Bad Day

Recently, I had a pretty rough day.  Nothing really unfortunate happened, but it was a constant series of small, frustrating events throughout the day, culminating in some bad news I got at work.  By the time I got home from work, I was just exhausted.

But, sometimes these days just happen.

The Buddha described the conditions of life as fluid, constantly in flux, changing, without anything to rely upon.  In the Lokavipatti Sutta of the Pali Canon (AN 8.6) he explains about eight conditions of the world:

“Monks, these eight worldly conditions spin after the world, and the world spins after these eight worldly conditions. Which eight? Gain, loss, status, disgrace, censure, praise, pleasure, & pain. These are the eight worldly conditions that spin after the world, and the world spins after these eight worldly conditions.

He goes on to explain that both the wise and unwise experience these conditions, but there’s a key difference: the wise know not to get attached to them.

Getting pulled around by the ups and downs of life lead to more inevitable frustration. Why? Because there’s no guarantee the Universe will always go your way.

Life is always one step beyond your grasp, so sometimes it’s best to just let it go.


Getting Ready for Bodhi Day 2017

It’s my second favorite time of year!  Christmas is coming up, as is Japanese New Year, or oshōgatsu. But there’s another holiday I am looking forward to: Bodhi Day.

Depending on which Buddhist tradition you follow, you might celebrate Vesak instead, but many traditions observe the Buddha’s enlightenment (bodhi) on the 8th day of the 12th month. For the solar calendar, that’s December 8th.

Bodhi Day 2010

This is a photo we took from when my daughter, Princess, was maybe 4 years old. We setup a fake Christmas tree as a “Bodhi Tree” and added a few offerings like satsuma-oranges and such. You can read more about it here.

A couple years ago we got a better, more sturdy mini-tree:

Bodhi Day 2017

We haven’t finished decorating the tree, but it’s a start.

Since the kids aren’t really actively Buddhist (nor do I really want to force it upon them), we keep things kind of simple. I usually read a story about the life of the Buddha on Bodhi Day “eve”, and also on the morning of, we give the kids some kind of wholesome gift, particularly books. Then we just have lots of fun family time.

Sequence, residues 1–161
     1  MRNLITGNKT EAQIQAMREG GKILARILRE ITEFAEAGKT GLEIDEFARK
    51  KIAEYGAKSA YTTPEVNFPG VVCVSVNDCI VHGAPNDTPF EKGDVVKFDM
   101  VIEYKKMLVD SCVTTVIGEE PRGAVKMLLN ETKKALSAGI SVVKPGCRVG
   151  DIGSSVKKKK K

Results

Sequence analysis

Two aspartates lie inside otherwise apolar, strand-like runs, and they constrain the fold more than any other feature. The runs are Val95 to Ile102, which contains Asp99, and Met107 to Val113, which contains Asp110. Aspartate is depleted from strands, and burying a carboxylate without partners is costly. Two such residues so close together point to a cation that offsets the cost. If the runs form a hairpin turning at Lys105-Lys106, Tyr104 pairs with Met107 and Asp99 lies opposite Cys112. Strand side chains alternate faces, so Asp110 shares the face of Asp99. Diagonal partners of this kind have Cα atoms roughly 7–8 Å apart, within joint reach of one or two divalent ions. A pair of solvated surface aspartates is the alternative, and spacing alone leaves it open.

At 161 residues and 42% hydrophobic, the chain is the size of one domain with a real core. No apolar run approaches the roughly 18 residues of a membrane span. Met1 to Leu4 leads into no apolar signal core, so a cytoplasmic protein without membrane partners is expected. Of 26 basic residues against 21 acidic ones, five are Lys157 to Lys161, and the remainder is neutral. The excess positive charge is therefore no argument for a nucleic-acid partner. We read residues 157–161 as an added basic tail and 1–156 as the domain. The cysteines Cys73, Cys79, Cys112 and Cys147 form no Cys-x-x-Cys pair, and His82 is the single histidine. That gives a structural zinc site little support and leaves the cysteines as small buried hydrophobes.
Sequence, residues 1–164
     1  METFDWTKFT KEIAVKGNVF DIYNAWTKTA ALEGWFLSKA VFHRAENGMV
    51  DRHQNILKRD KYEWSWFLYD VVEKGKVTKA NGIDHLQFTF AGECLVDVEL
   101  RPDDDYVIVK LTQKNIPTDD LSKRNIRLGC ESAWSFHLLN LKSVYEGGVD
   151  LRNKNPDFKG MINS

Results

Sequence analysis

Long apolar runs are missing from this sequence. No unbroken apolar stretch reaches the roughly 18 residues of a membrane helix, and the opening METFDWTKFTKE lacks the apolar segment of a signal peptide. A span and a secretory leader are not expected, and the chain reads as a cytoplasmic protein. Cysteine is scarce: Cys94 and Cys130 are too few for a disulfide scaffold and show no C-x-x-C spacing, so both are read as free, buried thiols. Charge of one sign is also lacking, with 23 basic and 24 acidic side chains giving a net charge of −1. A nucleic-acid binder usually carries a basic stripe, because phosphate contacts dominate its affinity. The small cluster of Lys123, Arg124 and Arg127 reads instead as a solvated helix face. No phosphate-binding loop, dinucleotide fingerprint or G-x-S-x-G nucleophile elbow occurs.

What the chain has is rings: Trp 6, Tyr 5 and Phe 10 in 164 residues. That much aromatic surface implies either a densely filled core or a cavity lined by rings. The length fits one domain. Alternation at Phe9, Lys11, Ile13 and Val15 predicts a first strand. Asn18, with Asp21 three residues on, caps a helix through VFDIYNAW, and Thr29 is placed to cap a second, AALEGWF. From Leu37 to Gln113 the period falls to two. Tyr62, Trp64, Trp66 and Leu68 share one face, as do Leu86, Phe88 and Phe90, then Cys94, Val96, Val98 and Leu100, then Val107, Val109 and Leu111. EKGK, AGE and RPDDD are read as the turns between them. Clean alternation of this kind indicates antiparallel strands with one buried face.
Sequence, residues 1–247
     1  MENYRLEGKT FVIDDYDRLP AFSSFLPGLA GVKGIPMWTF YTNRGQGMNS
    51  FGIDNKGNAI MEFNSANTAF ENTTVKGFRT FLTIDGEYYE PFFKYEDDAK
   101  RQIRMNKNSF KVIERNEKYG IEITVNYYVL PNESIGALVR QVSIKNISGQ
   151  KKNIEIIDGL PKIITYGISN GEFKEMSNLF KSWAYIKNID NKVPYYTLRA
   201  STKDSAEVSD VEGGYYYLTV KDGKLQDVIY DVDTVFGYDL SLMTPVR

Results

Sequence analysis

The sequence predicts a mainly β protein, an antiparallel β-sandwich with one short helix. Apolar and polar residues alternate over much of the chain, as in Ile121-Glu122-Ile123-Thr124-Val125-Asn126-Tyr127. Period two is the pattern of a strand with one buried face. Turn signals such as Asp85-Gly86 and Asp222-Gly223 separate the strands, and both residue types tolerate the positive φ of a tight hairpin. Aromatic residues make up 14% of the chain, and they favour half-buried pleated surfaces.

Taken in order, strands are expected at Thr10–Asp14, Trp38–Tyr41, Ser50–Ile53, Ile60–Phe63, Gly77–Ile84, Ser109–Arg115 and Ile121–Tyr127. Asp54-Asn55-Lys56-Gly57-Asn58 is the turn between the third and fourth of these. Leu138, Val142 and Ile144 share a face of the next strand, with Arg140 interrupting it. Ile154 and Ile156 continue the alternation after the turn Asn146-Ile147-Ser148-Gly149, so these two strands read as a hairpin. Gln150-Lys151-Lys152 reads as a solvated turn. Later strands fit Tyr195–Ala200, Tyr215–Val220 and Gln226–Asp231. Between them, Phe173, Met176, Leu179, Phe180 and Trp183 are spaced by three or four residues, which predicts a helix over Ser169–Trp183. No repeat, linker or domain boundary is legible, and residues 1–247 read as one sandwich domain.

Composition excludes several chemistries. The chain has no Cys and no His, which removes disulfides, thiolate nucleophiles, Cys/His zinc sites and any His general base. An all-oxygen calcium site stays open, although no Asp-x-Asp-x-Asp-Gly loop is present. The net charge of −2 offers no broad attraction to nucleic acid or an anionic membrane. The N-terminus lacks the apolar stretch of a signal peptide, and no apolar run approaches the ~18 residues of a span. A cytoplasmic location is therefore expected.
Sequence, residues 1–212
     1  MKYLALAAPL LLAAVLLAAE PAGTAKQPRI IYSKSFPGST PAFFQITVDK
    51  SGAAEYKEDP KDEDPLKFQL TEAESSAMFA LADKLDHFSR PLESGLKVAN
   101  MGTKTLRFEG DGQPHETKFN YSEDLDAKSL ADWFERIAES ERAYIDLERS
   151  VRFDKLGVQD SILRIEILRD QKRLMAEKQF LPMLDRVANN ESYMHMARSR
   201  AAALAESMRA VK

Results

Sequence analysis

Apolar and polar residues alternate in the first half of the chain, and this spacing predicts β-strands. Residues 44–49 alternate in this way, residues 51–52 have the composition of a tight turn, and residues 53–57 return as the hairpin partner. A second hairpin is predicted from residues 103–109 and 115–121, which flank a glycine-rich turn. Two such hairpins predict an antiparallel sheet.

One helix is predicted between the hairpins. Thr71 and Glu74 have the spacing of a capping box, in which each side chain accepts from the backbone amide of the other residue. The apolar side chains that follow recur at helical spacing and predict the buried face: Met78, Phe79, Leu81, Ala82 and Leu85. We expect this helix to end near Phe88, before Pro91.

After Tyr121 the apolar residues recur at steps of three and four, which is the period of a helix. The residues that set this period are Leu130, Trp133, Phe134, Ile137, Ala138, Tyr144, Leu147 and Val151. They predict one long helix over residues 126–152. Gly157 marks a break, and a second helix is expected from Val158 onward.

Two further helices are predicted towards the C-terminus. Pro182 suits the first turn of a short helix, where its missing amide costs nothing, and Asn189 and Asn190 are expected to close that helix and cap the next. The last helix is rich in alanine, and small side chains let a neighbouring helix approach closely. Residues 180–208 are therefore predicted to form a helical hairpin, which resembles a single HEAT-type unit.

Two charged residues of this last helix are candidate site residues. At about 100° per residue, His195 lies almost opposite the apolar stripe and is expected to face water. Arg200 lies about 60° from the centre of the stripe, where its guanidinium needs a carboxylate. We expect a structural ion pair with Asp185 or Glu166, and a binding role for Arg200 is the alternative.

The point is to just keep it fun and simple, not hit the kids over the head with too much religious stuff.

As for adults out there, a happy and peaceful Bodhi Day to all!

P.S. My favorite time of year is early November when Halloween is over and we can look forward to Thanksgiving.  That, and my birthday.  😉

What’s Old Is New Again

So, recently, I have started teaching Buddhism again back at the temple I used to go to; the same temple which I had left in a huff, and had sworn never to return.  Yes, that temple.

It all started this past summer, when I visited the Japanese Bonodori festival around here and ran into some old friends from the temple.  I heard that things had changed, and new minister was in charge and so on.  I kind of shrugged it off at the time, but then ran into some more friends later who said the same thing.

Finally, I decided to visit and see if it was true, and I had a chance to speak to the new minister.  We hit it off pretty well, and he asked if I would consider teaching introduction Buddhist courses again.  As much as I like making videos online and such, I admit I still miss teaching people in person,¹ and decided to send him my old course material.  To my surprise, not only did he read the material, but insisted I teach it.

In our last conversation, I expressed my reservations about getting involved again, but I did agree to teach once more.  So, now one Sunday a month, I teach my old friends and colleagues at the temple again.  It’s been fun, and I am glad I am doing it again.

In truth, my feelings toward Jodo Shinshu Buddhism and the Honganji remain unchanged, and to my own surprise, I feel no desire to try for ordination again since coming back.  All the chanting and hymns and talk about the founder does not resonate with me the way it used to.  It just feels hollow now.

I realize now that I like the teaching aspect of ordination a lot, but not the dogmatic/administrative part of ordination.  I already know how I would like to follow Buddhism based on my own journey, and I don’t want any religious authority telling me how to toe the line anymore.  By the same token, I don’t want to be responsible for telling other people who to live their lives either.  Empower people with information and letting them make their own decisions.  That’s my motto.